Hedgehog Concept

Do you feel a little bite of insecurity when reading a post about a new (to you) technology subject?

It seems everyone knows all about Ruby on Rails already, but I only just heard of it after becoming a Codesniper. I am quite curious about this new paradigm, and am woefully behind my peers. Isn't that just typical?

Doesn't Eric Sink say that to improve your career, you need to focus on the first derivative of Cluefulness - Learning? Shouldn't I find the next Ruby on Rails conference and take a long weekend to go learn all about it?

For my career, becoming proficient with Ruby on Rails probably wont benefit me as much as say, spending the same amount of time learning from that design patterns book that I've been using as a coaster. Oh, I listened to the Ruby on Rails 15 min. promotional video narrated by someone who sounded a lot like Emo Phillips, and I'll keep tabs on Ruby; I'll never grok it though.

My ambition is to have a truly great career, and I'll tell you how I am going to do it; that is, as soon as I figure out my Hedgehog Concept. Jim Collins wrote a #1 best seller, Good to Great, that examines companies that really kicked-ass over a long duration compared to similar companies that languished. His team found that the really great companies had many traits in common, one being that they had a crystal clear Hedgehog Concept.

The Hedgehog Concept is based on a Greek parable. The lesson goes that a quick and very cunning fox comes across this hedgehog every day that is lumbering down the middle of a forest path. The fox thinks that today he is finally going to make a meal of this dumpy little creature; the hedgehog thinks, "Here we go again." So, as the fox approaches, the hedgehog rolls up into a ball of needle sharp quills that stymies the fox who soon gives up and moves along. The lesson being that although the fox is a formidable predator, the hedgehog is very good at doing one very simple thing - defending himself.

Jim says you can develop a hedgehog concept for your business or yourself by considering the intersection of three principles:

  • What can you be the best in the world at?
  • What are you deeply passionate about?
  • What drives your economic engine?

It is important to find the intersection of all three in order to be truly great; although, you can still be wildly successful by finding the intersection of the second and third.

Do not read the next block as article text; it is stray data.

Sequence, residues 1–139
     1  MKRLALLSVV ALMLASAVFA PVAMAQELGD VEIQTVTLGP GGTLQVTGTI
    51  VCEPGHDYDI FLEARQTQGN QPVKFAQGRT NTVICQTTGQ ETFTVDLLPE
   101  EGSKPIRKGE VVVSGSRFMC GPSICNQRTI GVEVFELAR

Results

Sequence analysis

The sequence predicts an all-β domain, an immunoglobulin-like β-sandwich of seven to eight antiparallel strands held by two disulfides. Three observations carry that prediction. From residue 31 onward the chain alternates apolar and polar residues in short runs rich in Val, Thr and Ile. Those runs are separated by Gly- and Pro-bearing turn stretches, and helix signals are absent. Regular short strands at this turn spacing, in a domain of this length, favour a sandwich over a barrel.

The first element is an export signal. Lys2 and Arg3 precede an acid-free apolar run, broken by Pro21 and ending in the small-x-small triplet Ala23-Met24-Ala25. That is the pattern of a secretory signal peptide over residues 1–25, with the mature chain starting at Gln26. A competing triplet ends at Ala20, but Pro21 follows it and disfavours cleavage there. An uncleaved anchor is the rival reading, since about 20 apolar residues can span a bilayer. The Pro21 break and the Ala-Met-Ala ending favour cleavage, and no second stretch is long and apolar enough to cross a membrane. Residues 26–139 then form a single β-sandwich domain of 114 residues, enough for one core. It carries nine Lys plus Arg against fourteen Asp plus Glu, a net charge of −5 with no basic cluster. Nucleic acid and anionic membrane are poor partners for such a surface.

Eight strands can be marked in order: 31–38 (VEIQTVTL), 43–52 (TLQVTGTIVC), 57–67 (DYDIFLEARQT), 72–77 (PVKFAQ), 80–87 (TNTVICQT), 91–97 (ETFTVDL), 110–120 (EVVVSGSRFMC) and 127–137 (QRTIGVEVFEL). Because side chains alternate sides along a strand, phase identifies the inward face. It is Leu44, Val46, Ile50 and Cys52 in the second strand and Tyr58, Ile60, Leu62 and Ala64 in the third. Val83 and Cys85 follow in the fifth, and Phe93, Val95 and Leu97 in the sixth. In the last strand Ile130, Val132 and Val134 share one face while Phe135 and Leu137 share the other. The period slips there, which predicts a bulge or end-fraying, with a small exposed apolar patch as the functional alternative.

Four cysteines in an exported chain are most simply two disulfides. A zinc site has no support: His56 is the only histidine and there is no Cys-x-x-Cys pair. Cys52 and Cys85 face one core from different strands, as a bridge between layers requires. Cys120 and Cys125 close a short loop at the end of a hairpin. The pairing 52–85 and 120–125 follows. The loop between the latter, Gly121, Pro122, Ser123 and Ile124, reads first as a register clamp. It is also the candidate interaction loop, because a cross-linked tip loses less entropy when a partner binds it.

<Example>
Joel Spolsky has a Hedgehog Concept: To have the best (informational, entertaining) site on the web for discussing the art and science of software.

  • Joel on Software is arguably the best site for learning about good software and draws tens of thousands of visitors to read and discuss ideas.
  • Joel is passionate about improving software from soup to nuts; from concept, specification, development, user interface, deployment, marketing, and maintaining.
  • Joel profits by the exposure his site gets and as more people come to trust him, more people try out and purchase his software. His economic engine could be defined in terms of profit per unique visitor to Joel on Software.

</Example>

Instead of taking a shotgun approach to professional development, we should narrow our focus to our own Hedgehog Concept. Figure out what drives you, what you can be better than anybody at, and how to leverage both to rev your economic engine. If your resume has a paragraph of jargoned technologies, some that you've only read about, replace that list with the three or four concepts you really know. Instead of listing HTML, JavaScript, CSS, ASP, DHTML, XML, Web Services, IIS, etc. put "Web Developer".

Why should you develop your Hedgehog Concept? Well, as Joel explains, when the economy is doing well, it doesn't matter as much, but when it turns to muck, you'll be able stand out from the crowd.

I agree with Keith

[Big surprise from another Keith, huh?]

The last time I was job searching, I made three versions of my resume each targetted towards a different selection of skills. I did the same with cover letters and customized the opening paragraph for each type of opportunity. But I kept all the other languages/technologies referenced.

I got about a 50% call back rate after resume submission, so I believe it was effective.

my arrangement of skills

I did something like this:
Programming: PHP, Pear, Javascript, MySQL,
Web: HTML, DHTML, CSS, XML, Smarty, Dreamweaver MX
Graphic design: Adobe Photoshop, Illustrator, Fireworks, Macromedia Flash
Operating Systems: Win 98/NT/XP, comfortable using Linux/Unix/Solaris
Familiar with: Basic, C, Access, Perl, System Analysis and Design, Oracle, Apache

Sometimes I added a "Learning" category and listed what I was currently learning.

I don't know if this is useful, dumb or just clutter. I never had any comments from recruiters. Except "What is PHP!??!!"